Middlemarch is one of those books that deftly ties together the fates of a large handful of individuals, illustrating how the rich and the poor, the old and the young are are all tied together in one rural community. The main characters are arguably Dorothea Brooke–an idealistic young woman who throws herself away in a loveless marriage, believing her husband will give her the power to do good that society denies her as a woman–and Dr. Lydgate, Dorothea’s mirror–an idealistic young doctor who finds his values being eroded away by a small-minded wife and society. However, the scope of the book encompasses a large range of characters, showing how their actions create ripple effects throughout the community. The book becomes an extended commentary on the nature of love, the role of the individual in society and in family life, and the social pressures that shape those individuals.

Middlemarch is a large book, and its size can be intimidating. However, Eliot’s astute sense of character, her ability to balance the stories of a large cast, and her keen social observations all make it worth picking up. She is a master of the Victorian novel–and one not to be overlooked.

My Favorite Character in The Lord of the Rings (Classic Remarks)

Classic Remarks

WHAT IS CLASSIC REMARKS?

Classic Remarks is a meme hosted here at Pages Unbound that poses questions each Friday about classic literature and asks participants to engage in ongoing discussions surrounding not only themes in the novels but also questions about canon formation, the “timelessness” of literature, and modes of interpretation.

HOW CAN I PARTICIPATE?

Leave your link to your post on your own blog in the comments below. And feel free to comment with your thoughts even if you are not officially participating with a full post!

You can find more information and the list of weekly prompts here.

(Readers who like past prompts but missed them have also answered them on their blog later and linked back to us at Pages Unbound, so feel free to do that, too!)

THIS WEEK’S PROMPT:

WHAT IS YOUR FAVORITE CHARACTER IN THE LORD OF THE RINGS?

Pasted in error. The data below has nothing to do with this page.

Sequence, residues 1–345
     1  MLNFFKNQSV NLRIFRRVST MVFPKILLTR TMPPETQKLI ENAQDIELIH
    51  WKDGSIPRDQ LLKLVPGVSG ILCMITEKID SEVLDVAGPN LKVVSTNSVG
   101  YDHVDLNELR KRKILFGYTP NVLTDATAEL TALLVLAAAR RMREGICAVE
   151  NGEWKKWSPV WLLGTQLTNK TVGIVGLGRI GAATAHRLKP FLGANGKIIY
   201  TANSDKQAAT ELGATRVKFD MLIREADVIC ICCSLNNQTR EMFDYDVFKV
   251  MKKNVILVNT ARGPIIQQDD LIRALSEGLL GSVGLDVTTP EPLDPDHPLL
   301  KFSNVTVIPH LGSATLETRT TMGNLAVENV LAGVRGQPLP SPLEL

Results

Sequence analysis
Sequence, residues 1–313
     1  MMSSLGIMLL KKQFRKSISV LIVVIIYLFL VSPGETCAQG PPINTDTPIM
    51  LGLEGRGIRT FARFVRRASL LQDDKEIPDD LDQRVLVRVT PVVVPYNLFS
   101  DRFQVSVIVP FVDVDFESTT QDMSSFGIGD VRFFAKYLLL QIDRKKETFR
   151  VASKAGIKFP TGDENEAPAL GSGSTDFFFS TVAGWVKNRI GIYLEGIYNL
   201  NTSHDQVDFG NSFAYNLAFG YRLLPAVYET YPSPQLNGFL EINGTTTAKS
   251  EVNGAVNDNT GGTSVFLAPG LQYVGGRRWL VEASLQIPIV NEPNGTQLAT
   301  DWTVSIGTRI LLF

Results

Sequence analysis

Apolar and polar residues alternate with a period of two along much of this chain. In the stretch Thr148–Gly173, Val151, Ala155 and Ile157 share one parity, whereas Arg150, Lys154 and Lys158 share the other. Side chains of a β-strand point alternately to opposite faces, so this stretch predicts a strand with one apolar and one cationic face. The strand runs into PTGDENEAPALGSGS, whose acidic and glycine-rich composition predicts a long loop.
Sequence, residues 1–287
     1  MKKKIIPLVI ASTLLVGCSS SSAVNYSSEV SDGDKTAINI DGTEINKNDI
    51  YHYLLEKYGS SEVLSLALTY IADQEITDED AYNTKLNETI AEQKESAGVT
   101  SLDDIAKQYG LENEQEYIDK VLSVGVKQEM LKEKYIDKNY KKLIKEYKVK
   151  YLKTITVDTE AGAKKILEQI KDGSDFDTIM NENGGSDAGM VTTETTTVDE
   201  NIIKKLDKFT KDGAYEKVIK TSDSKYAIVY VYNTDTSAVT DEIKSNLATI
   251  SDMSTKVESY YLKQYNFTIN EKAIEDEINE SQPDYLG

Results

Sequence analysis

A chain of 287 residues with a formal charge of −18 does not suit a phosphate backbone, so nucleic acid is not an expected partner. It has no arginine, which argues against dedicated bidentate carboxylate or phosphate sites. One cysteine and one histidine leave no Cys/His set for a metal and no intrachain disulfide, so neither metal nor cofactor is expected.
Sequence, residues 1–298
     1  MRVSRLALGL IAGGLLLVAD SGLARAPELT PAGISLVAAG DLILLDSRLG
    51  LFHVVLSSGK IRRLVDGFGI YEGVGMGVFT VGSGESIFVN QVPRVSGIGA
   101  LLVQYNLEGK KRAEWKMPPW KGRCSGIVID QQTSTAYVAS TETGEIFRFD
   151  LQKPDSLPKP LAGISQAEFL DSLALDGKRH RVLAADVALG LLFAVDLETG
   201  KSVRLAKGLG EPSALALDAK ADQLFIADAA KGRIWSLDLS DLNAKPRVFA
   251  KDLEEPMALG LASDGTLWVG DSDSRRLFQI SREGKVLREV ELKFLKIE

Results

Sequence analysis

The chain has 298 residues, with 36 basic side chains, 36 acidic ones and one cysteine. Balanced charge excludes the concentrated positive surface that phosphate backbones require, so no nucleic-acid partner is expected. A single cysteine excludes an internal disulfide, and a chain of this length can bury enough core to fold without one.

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I want to preface this by saying I’m not certain I have a favorite character from J. R. R. Tolkien’s The Lord of the Rings. There are a number of characters I like, including Eowyn, Faramir, and Legolas, and a number of characters I think are fascinating even if they might not be “my favorite.” (For example, see Krysta’s post on reconsidering Boromir.) However, for the sake of this post, I want to talk about why Aragorn has always been one of my favorite characters.

A lot of Tolkien scholarship extols the presence of hobbits in The Lord of the Rings, comparing them to the Everyman and suggesting that Frodo and company are what make the story really “relatable.” Hobbits are the small people with no particular power or previous role in great world events, yet their decisions, their perseverance, and their commitment to doing what is right are what drive the novel and help free all of Middle Earth from the evil of Sauron and the Ring. As Elrond states:

“This is the hour of the Shire-folk, when they arise from their quiet fields to shake the towers and counsels of the Great. Who of all the Wise could have foreseen it? Or, if they are wise, why should they expect to know it, until the hour has struck?”

All this love for the importance of ordinary people means, however, that Aragorn often gets tossed to the side. Scholars–and general readers–sometimes think that Aragorn simply is not interesting: he’s a king, a skilled warrior, a leader, etc. Liking the “traditional hero” is just too obvious for them.

Well, I like traditional heroes.

I enjoy a good epic adventure, whether it’s an old story like Beowulf or a new fantasy like Brandon Sanderson’s Stormlight Archive, and I love that Aragorn is a strong, admirable character who brings a sense of gravity to the novel. Sure, he’s not “relatable” because I will never be a monarch or a leader of an elite group of fighters or even a mysterious and forbidding character in a tavern, but the feeling that he’s a bit larger than life is what’s beautiful about him–and the book as a whole. He’s also something I think most of us would aspire to be: brave, confident, and wise. He’s willing to sacrifice everything to keep others safe, going so far as to lead what most think is a suicide mission to distract Sauron at the Black Gate so Frodo and Sam have a final chance to destroy the One Ring.

Dismissing Aragorn as some sort of run-of-the-mill hero type also does a disservice to the sadness that surrounds him. First, he has some personal sorrows. He is in exile from his own kingdom; though he does serve Gondor under a pseudonym, he spends years in the wild with the Rangers, protecting Middle Earth for little thanks. He’s also separated from the woman he loves, as Elrond will not give his blessing for Arwen and Aragorn to marry until Aragorn is king and “worthy.”